minister funds so that we cut out a lot of red tape that was in the
old grants program and make it easier for States to be able to work
with some of that money to go right back to States.
Chris would be happy with that. Of course, it speaks to providing
funds to assist the States in running their environment programs.
Senator CRAPO. Your comments, and all the witnesses’ comments
about the need to streamline the financing part of this, the eco-
nomic management, have been heard.
Mr. Gsellman.
Mr. GSELLMAN. Yes, in the Akron situation, specifically a sus-
tainable grant program is essential. We’re kind of unique. We’re
not as caught up as the large cities that have the significant indus-
trial base. We lost the significant portion of our industrial base,
and basically the sewer and water utilities fall onto the residential
42

customer to support. Due to that, they’re the ones that have to bear
these improvements.
Also, I think it’s important to have a sustainable grant program
instead of just one big, you know, pile of money coming in for a
short period of time.
We need something similar to the highway funds where we have
some sort of reliable source of revenue that goes into the funding
program and continue on to take out a lot of the peaks and valleys,
as far as funding, so that we can plan—we’re into doing programs
that are going to be 0-, 30-year programs. We need to know where
that funding source is going to be over that 0, 30 years.
Senator CRAPO. Thank you.
Senator Voinovich, do you have any more questions?
Senator VOINOVICH. Yes, I do. The issue of this cost projection
that—Senator Crapo made a good point, and that is how you base
your projections, has a lot to do with what the agencies can be re-
quired to do. I was thinking about that with this GAO report that
I’ve asked for that should be out here pretty soon.
But one of the things that we’ve got to know is—we’re asking
them, also, whether or not the agencies are really doing a realistic
job in projecting their costs.
For example, 1996, the EPA said the Clean Water Needs Survey
was $140 billion—no, $200 billion. Then $140 billion in 1996, and
then they said it was in 1999, $200 billion. Some other groups have
said it’s $300 billion over 20 years.
So, in other words, it’s all over—how in the world can you really
plan for it if you don’t some realistic idea how much that’s going
to cost? So I think that’s key.
The other thing is that I’ve learned from my vast experience that
people really aren’t—they don’t confront regulatory agencies until
they feel it in their pocket.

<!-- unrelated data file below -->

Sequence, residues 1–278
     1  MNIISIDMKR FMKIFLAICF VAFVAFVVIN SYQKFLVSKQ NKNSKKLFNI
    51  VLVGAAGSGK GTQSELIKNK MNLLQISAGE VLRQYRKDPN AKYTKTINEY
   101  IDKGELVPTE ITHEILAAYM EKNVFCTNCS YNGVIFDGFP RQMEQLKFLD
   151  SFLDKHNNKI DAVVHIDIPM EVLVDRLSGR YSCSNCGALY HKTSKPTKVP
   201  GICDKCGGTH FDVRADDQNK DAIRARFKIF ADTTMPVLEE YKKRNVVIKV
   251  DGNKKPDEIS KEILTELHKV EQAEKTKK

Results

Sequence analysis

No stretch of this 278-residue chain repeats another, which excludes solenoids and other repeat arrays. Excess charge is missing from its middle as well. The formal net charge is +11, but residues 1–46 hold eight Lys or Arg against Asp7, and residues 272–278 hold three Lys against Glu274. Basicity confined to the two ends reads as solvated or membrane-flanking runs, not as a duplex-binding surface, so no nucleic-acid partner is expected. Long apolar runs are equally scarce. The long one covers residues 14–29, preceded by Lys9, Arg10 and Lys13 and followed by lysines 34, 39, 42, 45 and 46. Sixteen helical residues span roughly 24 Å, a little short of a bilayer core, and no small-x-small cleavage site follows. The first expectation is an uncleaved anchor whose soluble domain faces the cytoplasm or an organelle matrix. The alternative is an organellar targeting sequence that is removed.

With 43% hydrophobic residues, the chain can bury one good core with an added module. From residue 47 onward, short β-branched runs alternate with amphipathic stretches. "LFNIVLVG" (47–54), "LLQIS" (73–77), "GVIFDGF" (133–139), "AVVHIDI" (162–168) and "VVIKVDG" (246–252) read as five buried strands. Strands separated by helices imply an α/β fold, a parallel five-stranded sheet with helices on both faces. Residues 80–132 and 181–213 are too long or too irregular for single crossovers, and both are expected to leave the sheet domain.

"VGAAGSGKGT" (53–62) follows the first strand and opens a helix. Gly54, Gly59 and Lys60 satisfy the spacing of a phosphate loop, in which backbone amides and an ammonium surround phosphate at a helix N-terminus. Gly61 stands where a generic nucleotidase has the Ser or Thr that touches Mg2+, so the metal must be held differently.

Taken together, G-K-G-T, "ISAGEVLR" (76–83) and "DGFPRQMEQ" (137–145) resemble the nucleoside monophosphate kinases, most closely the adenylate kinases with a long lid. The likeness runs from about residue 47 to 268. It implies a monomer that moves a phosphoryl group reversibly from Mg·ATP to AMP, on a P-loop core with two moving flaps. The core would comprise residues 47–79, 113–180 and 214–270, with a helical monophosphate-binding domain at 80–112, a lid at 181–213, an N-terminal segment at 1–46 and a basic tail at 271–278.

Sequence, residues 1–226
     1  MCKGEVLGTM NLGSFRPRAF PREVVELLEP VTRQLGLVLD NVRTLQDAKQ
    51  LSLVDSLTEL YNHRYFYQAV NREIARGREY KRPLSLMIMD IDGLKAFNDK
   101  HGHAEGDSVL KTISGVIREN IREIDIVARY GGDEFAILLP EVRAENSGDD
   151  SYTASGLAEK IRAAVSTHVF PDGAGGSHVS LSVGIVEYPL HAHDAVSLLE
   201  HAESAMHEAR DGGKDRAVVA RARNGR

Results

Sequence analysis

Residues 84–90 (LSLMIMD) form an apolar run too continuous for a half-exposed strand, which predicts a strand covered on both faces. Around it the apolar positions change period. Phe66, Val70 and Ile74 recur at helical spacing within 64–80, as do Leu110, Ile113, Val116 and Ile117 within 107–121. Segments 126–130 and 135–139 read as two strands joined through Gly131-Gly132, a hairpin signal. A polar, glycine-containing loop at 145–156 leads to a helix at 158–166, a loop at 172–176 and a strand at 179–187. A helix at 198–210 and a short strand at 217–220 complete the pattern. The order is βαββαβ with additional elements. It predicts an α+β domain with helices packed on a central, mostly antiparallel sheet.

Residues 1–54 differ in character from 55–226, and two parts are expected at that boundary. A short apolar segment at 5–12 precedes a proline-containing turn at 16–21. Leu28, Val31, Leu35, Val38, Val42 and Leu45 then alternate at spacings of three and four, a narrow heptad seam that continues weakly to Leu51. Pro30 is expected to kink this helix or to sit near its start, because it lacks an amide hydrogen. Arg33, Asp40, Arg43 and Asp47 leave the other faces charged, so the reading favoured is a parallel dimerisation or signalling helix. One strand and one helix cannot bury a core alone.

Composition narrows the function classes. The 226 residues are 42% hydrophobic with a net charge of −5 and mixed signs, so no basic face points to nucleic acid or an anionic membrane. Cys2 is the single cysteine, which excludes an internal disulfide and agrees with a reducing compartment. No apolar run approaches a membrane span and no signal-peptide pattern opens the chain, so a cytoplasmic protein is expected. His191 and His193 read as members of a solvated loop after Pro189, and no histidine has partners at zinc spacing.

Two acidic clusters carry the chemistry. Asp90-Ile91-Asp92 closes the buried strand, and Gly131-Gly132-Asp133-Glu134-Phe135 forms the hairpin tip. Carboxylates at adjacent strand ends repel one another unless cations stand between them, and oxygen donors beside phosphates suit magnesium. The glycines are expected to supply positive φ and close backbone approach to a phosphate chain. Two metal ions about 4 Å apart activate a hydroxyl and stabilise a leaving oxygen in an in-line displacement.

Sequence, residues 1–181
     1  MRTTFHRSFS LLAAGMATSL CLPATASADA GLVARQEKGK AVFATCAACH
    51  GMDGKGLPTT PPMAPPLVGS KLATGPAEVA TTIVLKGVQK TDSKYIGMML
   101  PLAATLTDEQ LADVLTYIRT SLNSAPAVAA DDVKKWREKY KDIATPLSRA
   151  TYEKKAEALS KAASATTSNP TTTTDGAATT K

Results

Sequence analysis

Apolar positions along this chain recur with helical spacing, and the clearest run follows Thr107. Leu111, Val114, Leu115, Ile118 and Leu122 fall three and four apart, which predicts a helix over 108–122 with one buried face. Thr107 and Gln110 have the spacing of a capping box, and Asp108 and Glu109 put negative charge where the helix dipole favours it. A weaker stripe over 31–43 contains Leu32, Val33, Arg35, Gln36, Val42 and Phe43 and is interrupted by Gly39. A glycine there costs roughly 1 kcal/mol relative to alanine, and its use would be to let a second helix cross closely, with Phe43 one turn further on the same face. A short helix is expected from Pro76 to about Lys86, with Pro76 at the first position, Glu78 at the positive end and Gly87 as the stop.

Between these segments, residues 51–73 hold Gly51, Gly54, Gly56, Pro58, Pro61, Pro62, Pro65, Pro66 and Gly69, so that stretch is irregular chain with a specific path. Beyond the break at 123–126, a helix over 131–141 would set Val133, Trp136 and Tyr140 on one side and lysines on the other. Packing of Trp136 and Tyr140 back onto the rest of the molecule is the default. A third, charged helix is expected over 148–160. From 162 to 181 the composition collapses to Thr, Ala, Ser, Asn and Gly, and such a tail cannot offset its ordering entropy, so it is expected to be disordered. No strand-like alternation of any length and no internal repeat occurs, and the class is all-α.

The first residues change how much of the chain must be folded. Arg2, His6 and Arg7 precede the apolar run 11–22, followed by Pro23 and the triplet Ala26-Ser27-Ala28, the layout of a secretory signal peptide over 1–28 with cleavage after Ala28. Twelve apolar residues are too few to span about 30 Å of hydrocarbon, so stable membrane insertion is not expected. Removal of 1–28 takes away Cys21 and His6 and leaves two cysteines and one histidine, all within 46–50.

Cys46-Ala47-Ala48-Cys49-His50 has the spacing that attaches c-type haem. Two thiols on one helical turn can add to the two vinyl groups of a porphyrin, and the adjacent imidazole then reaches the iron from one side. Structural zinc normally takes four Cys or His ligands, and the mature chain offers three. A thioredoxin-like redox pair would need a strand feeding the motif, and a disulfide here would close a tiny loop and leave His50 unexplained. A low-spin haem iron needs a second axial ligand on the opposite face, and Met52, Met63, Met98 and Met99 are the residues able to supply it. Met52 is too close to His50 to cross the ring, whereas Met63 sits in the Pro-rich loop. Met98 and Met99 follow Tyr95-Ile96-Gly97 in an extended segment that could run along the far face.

I think one of the things that your respective organizations
should be doing is a lot more effort in talking about what the prob-
lem is and what the projected costs are going to be and how that’s
going to be reflected in the pocketbook of the people in your respec-
tive communities.
It’s only then that there is going to be any kind of effort, I think,
in terms of looking at some of these regulations in a more realistic
fashion.
Just think about this. We’re talking about still in Congress of
having a massive school construction program, which is a fun-
damentally State and local responsibility, but no one wants to put
on the table the issue of what are we going to do with clean water
in this country or what are we going to do with sewage treatment,
and replacing the infrastructure and so on.
So a lot of the job here is going to be to elevate this issue into
a priority issue.
Frankly, in terms of the agency—we’re talking about the Envi-
ronmental Protection Agency. It cuts across just about every area
you can think of. Because there’s no consideration ever usually
given to the cost.
As Senator Crapo said, the quality of life of individuals has a lot
to do with how much money they have available to them for their
families. If you can’t show some measurable, real improvement in
43

the environment and public water supply, how do you justify these
enormous costs increases?
What I’d like to know is what do you think, in terms of the over-
all cost increases that you’re seeing—could you rate the number
of—No. 1 projected cost increase—we know you’ve got—all of you
have got your projected infrastructure costs, depending on how old
your community is, you’ve got your problem. But let’s talk about in
addition to that, OK, that’s the given—the added cost. The added
cost. What, where is it, what’s going to generate the largest amount